Where to Begin

First, try to eliminate or consolidate debt; get serious about setting a budget and saving on a regular basis. Apps like Mint, WealthFront and Betterment for our investments. These applications have automated the entire investment process which has increased the connection between people and their finances. This has been especially true for individuals that have been historically disadvantaged because of brokerage fees and investment minimums-the “unbanked” or “underbanked”. However, these apps compel us to become more critical of where we invest our money.

If you haven’t begun investing yet, you can start small and have a powerful impact. Micro-investing apps like Motif can literally help you invest spare change, a few dollars at a time and move it into a SRI account (Acorns is another microinvesting app). This is a welcome change from old-school investing, which often required a substantial minimum investment. Even better, with only $20 you can invest in Calvert Foundation’s www.vested.org. Calvert Foundation (which is actually a nonprofit charity rather than a ‘private foundation) has created the community investment note which is funded by vested.org and allows you to invest in some of amazing organizations (such as Equal Exchange Coffee which has a delicious Espresso Silk blend)

If you already have an IRA or 401(k), start with “negative screening” to make sure your money isn’t being put to use in ways you find objectionable. As You Sow (Oakland’s very own) can help you identify investments with ties to the fossil fuel industry with their nifty app: https://fossilfreefunds.org/

Sites like ImpactSpace, Your SRI and Social Funds can help you screen your investments by a wide range of criteria.

www.theecologist.org

Next Steps

Next, you can move on to “positive screening” — finding companies or funds actively committed to making the world a better place. The screening sites above (Your SRI) can help you target your investments to the issues most important to you. Don’t fall for the false dichotomy of “Doing good vs doing well”. Many Socially Responsible funds are now beating their traditional counterparts.

Be a conscious investor. Applications like WealthFront and Betterment (sometimes known as “robo-advisors) have allowed us to track our finances in real-time on our smartphones, and to automate and streamline the process of investing. This has given us greater control over our bills, investments and savings — and provided access to financial services for the “unbanked” or “underbanked”. Nevertheless, these applications have their disadvantages as well. Once our monthly finances are automated they are also easily forgotten. Without our consent, our investments could potentially fund companies that are destroying the planet.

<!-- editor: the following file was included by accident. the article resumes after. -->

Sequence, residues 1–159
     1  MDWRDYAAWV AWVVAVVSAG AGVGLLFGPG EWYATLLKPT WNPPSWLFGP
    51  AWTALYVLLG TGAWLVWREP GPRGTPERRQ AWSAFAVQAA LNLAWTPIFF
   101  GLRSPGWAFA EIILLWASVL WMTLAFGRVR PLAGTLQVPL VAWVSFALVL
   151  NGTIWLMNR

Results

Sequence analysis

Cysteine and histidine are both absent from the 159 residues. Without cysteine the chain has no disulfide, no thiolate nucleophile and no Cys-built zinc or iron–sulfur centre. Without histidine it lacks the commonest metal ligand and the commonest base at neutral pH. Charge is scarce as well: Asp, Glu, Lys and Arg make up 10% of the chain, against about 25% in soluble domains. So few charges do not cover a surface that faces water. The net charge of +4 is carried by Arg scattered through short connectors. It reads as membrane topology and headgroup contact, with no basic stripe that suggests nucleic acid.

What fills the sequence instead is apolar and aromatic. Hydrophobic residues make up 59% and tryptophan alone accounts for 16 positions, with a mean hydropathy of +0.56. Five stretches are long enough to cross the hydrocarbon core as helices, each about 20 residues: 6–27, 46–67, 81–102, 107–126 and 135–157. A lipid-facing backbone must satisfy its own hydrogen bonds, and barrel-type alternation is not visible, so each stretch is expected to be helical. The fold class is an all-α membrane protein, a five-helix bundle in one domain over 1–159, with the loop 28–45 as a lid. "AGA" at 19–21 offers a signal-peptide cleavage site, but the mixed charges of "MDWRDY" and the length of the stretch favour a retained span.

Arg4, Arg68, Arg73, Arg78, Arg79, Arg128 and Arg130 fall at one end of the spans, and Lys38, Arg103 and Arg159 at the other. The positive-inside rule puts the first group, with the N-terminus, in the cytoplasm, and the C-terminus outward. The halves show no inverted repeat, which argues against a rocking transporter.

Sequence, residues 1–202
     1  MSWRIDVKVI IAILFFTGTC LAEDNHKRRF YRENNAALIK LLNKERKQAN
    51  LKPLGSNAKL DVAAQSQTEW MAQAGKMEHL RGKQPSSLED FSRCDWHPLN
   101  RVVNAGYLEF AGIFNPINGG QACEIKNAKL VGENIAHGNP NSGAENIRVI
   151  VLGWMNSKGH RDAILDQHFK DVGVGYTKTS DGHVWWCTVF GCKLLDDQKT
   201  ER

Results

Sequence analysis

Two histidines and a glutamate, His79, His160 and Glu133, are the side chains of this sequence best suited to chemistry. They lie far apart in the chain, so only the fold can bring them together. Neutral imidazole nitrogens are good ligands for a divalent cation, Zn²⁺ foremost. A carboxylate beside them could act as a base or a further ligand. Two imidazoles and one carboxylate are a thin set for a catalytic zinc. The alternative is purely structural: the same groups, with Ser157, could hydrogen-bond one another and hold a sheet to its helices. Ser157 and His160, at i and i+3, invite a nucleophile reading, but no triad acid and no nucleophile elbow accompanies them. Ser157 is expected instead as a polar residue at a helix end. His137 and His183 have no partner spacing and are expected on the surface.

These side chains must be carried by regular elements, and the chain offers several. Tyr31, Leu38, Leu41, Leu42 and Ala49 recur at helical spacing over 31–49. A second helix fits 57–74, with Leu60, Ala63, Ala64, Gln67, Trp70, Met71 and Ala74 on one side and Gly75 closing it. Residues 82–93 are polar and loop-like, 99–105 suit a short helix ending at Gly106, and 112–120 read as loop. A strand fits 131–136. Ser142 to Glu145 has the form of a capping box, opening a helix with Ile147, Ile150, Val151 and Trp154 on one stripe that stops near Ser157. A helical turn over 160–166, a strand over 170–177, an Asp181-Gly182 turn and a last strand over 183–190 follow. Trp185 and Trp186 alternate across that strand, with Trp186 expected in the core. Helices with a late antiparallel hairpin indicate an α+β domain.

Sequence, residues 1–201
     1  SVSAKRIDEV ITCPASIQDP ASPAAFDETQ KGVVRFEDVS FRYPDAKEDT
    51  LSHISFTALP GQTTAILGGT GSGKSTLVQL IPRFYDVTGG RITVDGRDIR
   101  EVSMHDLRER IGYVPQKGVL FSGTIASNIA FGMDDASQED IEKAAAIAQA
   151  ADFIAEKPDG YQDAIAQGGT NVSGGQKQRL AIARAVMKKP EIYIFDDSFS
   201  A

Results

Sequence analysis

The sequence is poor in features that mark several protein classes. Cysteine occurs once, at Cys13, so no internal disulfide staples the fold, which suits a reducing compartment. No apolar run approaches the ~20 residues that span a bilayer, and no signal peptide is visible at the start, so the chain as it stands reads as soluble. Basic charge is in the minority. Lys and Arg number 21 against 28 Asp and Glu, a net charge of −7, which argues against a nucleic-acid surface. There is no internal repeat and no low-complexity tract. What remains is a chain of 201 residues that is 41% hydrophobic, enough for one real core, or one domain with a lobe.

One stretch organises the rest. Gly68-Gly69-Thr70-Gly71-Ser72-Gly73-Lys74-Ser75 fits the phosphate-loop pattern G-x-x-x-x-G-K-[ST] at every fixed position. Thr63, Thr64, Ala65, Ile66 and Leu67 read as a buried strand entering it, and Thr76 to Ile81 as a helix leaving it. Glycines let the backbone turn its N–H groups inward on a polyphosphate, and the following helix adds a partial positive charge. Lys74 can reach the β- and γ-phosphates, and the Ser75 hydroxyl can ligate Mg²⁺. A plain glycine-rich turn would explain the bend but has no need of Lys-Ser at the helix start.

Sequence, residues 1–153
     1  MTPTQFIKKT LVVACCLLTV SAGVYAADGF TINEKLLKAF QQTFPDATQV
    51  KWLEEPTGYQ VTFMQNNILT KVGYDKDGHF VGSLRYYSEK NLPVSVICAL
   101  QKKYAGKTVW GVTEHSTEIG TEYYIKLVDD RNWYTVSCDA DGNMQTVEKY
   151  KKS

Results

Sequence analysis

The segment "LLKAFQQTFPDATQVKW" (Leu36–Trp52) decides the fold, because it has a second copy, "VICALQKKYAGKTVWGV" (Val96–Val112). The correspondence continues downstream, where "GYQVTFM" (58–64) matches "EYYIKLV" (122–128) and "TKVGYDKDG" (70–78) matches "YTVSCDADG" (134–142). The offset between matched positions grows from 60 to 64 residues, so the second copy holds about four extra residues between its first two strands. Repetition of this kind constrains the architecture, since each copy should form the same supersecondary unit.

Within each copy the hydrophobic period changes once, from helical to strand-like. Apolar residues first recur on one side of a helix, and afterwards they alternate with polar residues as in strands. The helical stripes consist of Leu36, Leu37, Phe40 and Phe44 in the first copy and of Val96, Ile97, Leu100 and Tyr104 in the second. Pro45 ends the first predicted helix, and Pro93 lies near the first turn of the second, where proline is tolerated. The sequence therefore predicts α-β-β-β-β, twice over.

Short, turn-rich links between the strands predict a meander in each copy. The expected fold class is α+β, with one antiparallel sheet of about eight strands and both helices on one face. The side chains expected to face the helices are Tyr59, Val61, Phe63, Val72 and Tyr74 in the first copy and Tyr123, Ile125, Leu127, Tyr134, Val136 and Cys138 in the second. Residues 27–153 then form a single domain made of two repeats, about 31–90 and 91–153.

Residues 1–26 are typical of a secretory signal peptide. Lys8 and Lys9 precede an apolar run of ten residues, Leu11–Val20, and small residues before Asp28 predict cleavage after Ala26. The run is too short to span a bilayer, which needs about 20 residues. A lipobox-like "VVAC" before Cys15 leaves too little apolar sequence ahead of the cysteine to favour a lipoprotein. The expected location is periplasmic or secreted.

Similarly, if you invest with a financial advisor, make sure you “look under the hood” of your investments and know what your money is funding. For example, a foundation may have programs that fight lung cancer in East Asia but have an endowment invested in Phillip Morris. Or, you could be volunteering your time cleaning up the beach but have your 401K investing in those same beach polluters. Ask your account representative, investment advisor or fund manager where your money is invested. “I don’t know” isn’t an acceptable answer. Socially Responsible investments (SRIs) are funds that have a rating that goes beyond financial return. It doesn’t take much time to examine your investments. And don’t assume that you are at the mercy of your financial advisor.

Investing For A Future We Want

Impact Investing for the Long Run

Continue to educate yourself about the range of options available. I’m not a registered financial advisor, but I would like to highlight a few options that should be widely available for any investor — either through a retail agency like Fidelity, or through your retirement plan. Some of these funds might have a slightly higher administrative cost than a low-cost S&P index fund — but still pretty minimal at .15%.